iTree software providing valuable benefits to professionals and non-professionals alike

When the Arbor Day Foundation worked with the U.S. Forest Service, Davey Tree Expert Company and others to launch a suite of urban forest management software, the tool was expected to be primarily used by city foresters and other professionals.

8050686652_68cc7fcc56Fast-forward several years and i-Tree has been downloaded thousands of times in more than 100 countries, with international users comprising the largest growth.

The Society of Municipal Arborists, International Society of Arboriculture and DC-based Casey Trees were also key contributors.

The latest version of the tool, 5.0, is especially equipped to help users map and manage urban trees in Australia and Canada. The i-Tree software can also be used on smartphones and tablets for the first time.

Teachers, researchers, non-profit organizations, consultants and homeowners are among the users who have relied on i-Tree to calculate energy savings and storm water interception, among other benefits.

At the Foundation, i-Tree is central to are growing partnerships with utility providers through Energy-Saving Trees, an innovative program that allows customers to secure free trees for their yards and reduce monthly electricity bills.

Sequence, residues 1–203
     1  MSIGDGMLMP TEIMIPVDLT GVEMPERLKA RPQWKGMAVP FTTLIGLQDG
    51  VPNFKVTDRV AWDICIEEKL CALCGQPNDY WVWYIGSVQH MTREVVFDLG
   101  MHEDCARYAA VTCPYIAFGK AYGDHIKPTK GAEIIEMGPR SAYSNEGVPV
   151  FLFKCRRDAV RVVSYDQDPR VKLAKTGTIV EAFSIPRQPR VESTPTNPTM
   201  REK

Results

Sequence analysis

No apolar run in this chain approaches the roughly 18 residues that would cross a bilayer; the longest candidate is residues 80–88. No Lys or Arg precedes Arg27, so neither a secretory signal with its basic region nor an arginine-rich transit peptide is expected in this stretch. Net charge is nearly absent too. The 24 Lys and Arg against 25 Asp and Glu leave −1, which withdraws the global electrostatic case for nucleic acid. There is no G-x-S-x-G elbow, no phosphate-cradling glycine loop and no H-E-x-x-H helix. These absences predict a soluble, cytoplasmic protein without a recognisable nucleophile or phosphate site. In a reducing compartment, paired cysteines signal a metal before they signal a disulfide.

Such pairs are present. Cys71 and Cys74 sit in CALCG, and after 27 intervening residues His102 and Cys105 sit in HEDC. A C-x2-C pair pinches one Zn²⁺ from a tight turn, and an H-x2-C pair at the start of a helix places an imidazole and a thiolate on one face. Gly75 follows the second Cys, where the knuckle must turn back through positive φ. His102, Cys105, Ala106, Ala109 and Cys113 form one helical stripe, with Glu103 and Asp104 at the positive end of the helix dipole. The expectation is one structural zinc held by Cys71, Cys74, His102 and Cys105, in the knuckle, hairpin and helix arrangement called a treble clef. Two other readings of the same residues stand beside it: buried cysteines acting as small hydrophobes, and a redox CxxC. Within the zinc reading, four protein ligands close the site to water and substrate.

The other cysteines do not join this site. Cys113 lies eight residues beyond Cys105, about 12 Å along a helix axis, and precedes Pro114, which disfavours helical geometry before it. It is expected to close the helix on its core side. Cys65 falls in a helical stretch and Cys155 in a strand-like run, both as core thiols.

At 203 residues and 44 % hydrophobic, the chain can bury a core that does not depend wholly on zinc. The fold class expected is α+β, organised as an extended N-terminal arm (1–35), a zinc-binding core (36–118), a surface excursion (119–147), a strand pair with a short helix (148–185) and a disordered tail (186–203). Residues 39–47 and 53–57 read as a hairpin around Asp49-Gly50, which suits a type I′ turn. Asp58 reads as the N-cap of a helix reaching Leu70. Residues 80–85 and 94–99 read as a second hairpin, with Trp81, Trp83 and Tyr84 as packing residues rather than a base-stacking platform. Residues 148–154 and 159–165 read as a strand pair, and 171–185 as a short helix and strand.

Participating customers are able to log-on to an interactive website that helps them select the most strategic location for tree planting.

In addition to providing approximate energy savings, the tool also estimates the tree’s other benefits, including cleaner air, reduced carbon dioxide emissions and improved storm water management. Many of these benefits are felt throughout the community.

Read more about i-Tree’s progress at the U.S. Department of Agriculture blog.

Climate change threatens the survival of older forests and trees

Much of the U.S. has been warmer in recent years, affecting not only which trees are right for planting, but also threatening the survival of older forests.

A Yale Environmental 360 article by Bruce Dorminey reported the giant sequoias native to California’s Sierra Nevada are facing the looming effects of declining snowpack and rising temperatures.